If the deal doesn’t close, does the vendor have to pay a commission? If, the deal didn’t close, and it was the purchaser's fault, does the vendor have to pay the commission? What if it was the vendor’s own fault?
And, for the big question, what if the vendor doesn’t accept an Offer, does he have to pay a commission? And, if it’s a full price offer, does the vendor have to sell?
These questions come up everyday. The most surprising thing, is that I hear different answers to these same simple questions all the time.
So, here are the quick answers: yes, yes, yes, maybe, and no.
If you want to know where the answers are to be found, you will find most of them in the standard form listing agreement. Here’s the operative clause dealing with commission:
“COMMISSION: In consideration of the Listing Brokerage listing the Property, the Seller agrees to pay the Listing Brokerage a commission of............................% of the sale price of the Property for any valid offer to purchase …… the Property from any source whatsoever obtained during the Listing Period and on the terms and conditions set out in this Agreement ....”
The triggering event giving rise to the obligation to pay a commission is the presentation of any “VALID OFFER”. The only limitations or restrictions are:
1) Who: “from any source whatsoever”, so this can be the next door neighbour, or a relative who wanted to buy the property,
2) When: “obtained during the listing period”, so the listing must be current. It will not apply before the listing comes into force, nor will it apply after it expires,
3) What: “on the terms and conditions set out in this agreement”, so here you need to look at the terms and conditions related to sale, ordinarily this will include a purchase price, a date for closing and perhaps some other special conditions. If these requirements are met, then that will be sufficient.
There are other situations that are covered under a standard listing agreement, but this is the basic fundamental agreement and accordingly, it should be understood by both real estate sales representatives and consumers.
The issue at stake will always be whether the Offer presented was “on the terms and conditions set out in this agreement”. It will have to meet the price, the closing date specified and any other special conditions forming part of the agreement. But, in many cases, this will be possible. And, if that is the case, the seller will be obligated to pay the commission to the agent. It should be noted that there is no requirement for there to be a valid and enforceable agreement of purchase and sale, nor is there a requirement that the transaction be successfully completed. That is just pure and simple folklore. There is nothing to it.
So, a vendor can refuse to sell, but may still be liable for a commission. If you’re not happy with this situation, then you’ll have to change it.
Another interesting question is how does the commission become payable in most cases?
Let’s have another look at the relevant clause in the agreement:
“COMMISSION: In consideration of the Listing Brokerage listing the Property, the Seller agrees to pay the Listing Brokerage a commission of............................% of the sale price of the Property for any valid offer to purchase …… the Property from any source whatsoever obtained during the Listing Period and on the terms and conditions set out in this Agreement OR such other terms and conditions as the Seller may accept.”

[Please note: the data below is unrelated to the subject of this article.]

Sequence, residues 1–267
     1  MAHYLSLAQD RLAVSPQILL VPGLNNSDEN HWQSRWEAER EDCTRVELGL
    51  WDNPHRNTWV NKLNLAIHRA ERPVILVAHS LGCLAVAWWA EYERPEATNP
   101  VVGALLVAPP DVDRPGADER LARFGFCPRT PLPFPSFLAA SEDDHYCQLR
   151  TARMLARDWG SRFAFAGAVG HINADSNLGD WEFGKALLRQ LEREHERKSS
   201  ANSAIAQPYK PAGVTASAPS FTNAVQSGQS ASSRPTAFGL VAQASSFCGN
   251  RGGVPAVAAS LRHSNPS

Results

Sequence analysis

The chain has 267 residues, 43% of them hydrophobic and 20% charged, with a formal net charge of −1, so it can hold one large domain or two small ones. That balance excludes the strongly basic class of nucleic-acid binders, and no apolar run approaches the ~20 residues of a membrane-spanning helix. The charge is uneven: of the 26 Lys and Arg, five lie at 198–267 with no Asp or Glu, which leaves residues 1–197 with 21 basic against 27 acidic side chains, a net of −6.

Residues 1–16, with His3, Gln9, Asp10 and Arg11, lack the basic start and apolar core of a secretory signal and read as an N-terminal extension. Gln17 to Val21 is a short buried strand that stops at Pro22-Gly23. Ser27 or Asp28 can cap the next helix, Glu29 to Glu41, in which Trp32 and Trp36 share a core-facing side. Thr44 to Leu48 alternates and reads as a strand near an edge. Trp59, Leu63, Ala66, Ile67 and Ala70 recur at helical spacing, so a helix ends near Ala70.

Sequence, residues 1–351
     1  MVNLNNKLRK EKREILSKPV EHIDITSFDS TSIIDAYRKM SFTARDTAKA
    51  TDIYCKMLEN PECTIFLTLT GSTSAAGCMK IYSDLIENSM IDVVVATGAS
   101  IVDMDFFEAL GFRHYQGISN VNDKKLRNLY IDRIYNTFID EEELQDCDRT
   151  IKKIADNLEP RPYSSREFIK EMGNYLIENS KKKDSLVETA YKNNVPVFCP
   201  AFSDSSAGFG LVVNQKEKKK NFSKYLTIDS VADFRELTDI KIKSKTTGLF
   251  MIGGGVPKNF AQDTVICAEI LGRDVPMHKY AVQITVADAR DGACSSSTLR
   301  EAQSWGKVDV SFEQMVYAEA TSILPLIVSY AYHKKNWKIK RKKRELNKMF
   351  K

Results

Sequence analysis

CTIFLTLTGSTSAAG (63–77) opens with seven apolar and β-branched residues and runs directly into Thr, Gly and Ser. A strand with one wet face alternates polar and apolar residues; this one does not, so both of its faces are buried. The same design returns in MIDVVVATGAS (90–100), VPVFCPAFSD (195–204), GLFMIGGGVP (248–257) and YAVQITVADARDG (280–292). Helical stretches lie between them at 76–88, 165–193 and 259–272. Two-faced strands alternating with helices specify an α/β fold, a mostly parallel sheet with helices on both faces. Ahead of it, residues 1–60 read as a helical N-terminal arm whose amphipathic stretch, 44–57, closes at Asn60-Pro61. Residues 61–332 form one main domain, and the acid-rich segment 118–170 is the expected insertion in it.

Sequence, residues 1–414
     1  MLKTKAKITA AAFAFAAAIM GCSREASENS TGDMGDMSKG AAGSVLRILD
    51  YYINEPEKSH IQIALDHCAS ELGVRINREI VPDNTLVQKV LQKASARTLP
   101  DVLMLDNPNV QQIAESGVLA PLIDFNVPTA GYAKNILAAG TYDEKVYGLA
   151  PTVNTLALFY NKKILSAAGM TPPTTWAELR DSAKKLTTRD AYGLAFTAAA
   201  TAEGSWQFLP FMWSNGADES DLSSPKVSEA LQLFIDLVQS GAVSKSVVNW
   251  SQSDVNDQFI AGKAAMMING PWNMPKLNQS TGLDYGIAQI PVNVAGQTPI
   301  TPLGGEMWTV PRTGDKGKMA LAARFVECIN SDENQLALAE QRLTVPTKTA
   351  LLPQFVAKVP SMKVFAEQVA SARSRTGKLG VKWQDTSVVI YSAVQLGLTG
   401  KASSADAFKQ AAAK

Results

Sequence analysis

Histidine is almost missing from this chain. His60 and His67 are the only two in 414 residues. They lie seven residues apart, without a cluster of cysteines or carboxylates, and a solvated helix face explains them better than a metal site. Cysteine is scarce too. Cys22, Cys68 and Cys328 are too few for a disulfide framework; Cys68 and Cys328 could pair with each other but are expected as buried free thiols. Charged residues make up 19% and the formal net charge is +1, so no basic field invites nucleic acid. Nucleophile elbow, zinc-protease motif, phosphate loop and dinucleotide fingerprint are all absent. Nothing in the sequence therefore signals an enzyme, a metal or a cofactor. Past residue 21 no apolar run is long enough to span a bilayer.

This time we will have to look at part 2, of the commission entitlement provision. You will see that it says:
“OR such other terms and conditions as the Seller may accept.”
This is the provision that will apply generally. This covers the Offer that comes in at less than the asking price, but is otherwise acceptable to the vendor. The vendor accepts the Offer and this results in an enforceable agreement of purchase and sale.
Does this deal have to go though for the commission to be payable? Here is another provision which is relevant to our discussion:
“The Seller further agrees to pay such commission …… even if the transaction contemplated by an agreement to purchase ….. agreed to or accepted by the Seller ……. is not completed, if such non-completion is owing or attributable to the Seller’s default or neglect, …...”
What does this mean? Quite simply, if there is an actual agreement of purchase and sale and the deal falls through for some reason due to the vendor’s fault or neglect, then the commission is still owing.
And, the remaining question is the entitlement to commission in the event of the purchaser’s default. You might think here that I would quote the provision in the standard listing agreement that says that if the purchaser defaults or neglects to complete the transaction as agreed, then there is no commission owing.
I will agree to one point, and that is, if there were such a clause, I would quote it right now. Certainly, it would be relevant! Only, one little problem, there is no such clause. So, when people talk about it, they are just making it up. It’s not there. They must simply be confused or have extended the meaning of some other clause. The mere fact that the agreement specifically makes the point that the commission is owing, even if the deal falls through due to the vendor’s “fault or neglect”, does not mean that there is no commission, if deal falls through due to the buyer’s “fault or neglect”. That may happen, and the commission is still owing.
Again, if you’re not happy with this provision, then you will have to change it.
In most cases, vendors who wish to list their properties should amend their listing agreements to ensure that the commission will be payable only in the event of successful completion of the agreement of purchase and sale.
Brian Madigan LL.B., Broker